(You may also be interested in this post for a summary of the most common questions being asked about AV.)
One of the main arguments the No2AV side has advanced is that the UK simply cannot afford to switch to AV, citing costs of £240-250 million.
This figure, to quote Charlie Brooker, is “the sort of magic maths which involves closing your eyes and repeatedly banging the calculator against your forehead”.
The No2AV side arrived at this figure by claiming that the referendum is costing about £82-mn, pre-referendum voter education about £9-mn, and if AV passes, £26-mn for post-referendum voter education and a whopping £130-mn for electronic vote counting machines.
As critics of these numbers have pointed out, the cost of the referendum is the cost of a referendum, not really a cost attributable to AV. If the referendum were on a different issue (say Yes or No to the EU), it would still cost the same amount (and many No2AV supporters would probably much prefer a referendum on the EU and wouldn’t be complaining at all about the costs in that instance). So we can safely eliminate the £82-mn from the estimated cost of adopting AV.
The voter education sums are also questionable. No one is denying that there is a voter education campaign going on pre-referendum and that if AV is adopted, then voters will need to be educated again before the next election in (probably) 2015. However, the No side seems to have rather arbitrarily made up these figures. I’ve not seen any official numbers from the Electoral Commission or any other official source. (Note, if someone has seen official voter education cost estimates, please let me know.) Will voter education costs be incurred? Yes. Will they total £35-mn? Only the No2AV side seems to think that for certain.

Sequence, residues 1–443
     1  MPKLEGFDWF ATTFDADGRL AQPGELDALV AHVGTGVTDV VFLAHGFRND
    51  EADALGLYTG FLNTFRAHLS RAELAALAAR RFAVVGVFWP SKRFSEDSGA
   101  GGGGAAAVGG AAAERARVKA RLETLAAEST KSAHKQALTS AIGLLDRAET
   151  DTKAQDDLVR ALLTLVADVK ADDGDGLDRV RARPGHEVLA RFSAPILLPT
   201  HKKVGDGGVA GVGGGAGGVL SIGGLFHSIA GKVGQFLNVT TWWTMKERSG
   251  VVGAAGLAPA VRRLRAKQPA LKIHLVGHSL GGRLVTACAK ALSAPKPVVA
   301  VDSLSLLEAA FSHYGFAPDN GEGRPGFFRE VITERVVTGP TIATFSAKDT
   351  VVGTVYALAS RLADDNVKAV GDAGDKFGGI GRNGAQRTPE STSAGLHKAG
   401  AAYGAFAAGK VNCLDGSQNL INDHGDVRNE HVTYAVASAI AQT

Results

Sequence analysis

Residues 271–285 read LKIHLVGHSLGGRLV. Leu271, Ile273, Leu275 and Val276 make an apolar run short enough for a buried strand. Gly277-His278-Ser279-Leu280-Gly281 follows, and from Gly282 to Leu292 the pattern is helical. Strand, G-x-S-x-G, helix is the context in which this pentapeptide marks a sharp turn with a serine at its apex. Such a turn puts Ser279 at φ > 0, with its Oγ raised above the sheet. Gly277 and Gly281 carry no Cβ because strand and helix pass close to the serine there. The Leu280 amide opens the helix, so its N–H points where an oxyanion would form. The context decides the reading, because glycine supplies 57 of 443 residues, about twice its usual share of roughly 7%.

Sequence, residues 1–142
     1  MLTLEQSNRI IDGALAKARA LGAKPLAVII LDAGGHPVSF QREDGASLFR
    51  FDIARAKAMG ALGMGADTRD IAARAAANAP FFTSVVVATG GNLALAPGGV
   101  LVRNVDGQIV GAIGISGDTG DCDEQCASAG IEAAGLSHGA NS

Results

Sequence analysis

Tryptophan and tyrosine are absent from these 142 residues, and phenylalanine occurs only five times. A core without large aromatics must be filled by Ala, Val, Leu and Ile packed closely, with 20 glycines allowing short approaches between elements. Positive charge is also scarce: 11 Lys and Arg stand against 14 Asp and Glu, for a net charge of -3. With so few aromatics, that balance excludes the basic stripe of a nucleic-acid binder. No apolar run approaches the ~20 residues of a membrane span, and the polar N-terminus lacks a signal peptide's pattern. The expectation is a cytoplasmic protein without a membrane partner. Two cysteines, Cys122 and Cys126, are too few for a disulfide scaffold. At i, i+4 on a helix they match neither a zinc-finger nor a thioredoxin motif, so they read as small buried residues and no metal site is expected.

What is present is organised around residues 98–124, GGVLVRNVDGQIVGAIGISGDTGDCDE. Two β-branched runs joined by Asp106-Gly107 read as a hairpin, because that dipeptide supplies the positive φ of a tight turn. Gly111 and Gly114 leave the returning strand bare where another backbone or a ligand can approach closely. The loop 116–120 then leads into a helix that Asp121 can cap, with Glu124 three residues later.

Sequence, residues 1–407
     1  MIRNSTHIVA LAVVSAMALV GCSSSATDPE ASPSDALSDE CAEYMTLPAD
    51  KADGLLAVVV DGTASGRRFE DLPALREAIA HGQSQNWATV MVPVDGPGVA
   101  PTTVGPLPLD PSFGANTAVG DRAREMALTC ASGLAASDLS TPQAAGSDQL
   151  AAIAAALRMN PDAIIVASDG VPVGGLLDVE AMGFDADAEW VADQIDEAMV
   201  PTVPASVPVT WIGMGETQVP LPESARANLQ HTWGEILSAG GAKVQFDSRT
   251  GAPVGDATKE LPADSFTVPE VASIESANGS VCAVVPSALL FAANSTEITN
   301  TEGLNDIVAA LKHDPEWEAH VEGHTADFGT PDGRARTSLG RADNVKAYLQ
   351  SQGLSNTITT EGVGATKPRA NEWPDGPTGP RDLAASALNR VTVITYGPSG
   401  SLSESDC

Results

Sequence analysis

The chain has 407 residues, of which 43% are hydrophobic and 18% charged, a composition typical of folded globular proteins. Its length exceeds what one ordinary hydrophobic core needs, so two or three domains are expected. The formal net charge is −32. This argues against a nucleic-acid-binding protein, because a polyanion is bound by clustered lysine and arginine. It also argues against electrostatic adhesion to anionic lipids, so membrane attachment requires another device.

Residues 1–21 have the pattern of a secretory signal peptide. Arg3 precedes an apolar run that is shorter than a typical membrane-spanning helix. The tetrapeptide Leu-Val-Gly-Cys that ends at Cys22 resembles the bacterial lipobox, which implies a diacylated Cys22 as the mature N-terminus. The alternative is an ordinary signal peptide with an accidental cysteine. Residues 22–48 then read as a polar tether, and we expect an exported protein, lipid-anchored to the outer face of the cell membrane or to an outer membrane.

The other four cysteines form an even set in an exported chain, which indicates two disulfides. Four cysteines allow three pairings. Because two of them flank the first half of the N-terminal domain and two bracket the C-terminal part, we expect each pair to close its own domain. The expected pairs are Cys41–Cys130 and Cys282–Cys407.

The main issue for the No2AV side is the cost of electronic vote counting machines, which they estimate will cost £130-mn. The problem with that is that there is no evidence anywhere that electronic vote counting machines will be required, nor is there any evidence that there are plans to use electronic vote counting machines. The Bill instituting AV does not mention electronic vote counting machines. The Electoral Commission makes no mention of them, no government official has stated that they will be required (although members of the government campaigning for the No side have said that they “may” be since that is part of the official anti-AV line). There is nothing official in existence stipulating that vote counting machines will be needed, much less that there are concrete plans in place to buy any.
Vote counting machines are simply not required to count AV ballots. Antony Green has made this abundantly clear on his blog (see here and here). Of course, some No supporters will say that this doesn’t mean that at some point in the future, officials may decide that indeed, vote counting machines are needed. True – but the reality is that at present, there are NO official plans anywhere to buy and use vote counting machines if AV is adopted. As well, a decision could just as easily be made to start using vote counting machines under FPTP – the US uses them, other FPTP jurisdictions use them. The entire £130-mn cost for vote counting machines is based on, at best, a hypothetical. There is no proof to support this claim, and so to include that in a tally of the purported costs of AV is specious.
So will AV cost £250-mn? Short answer, no.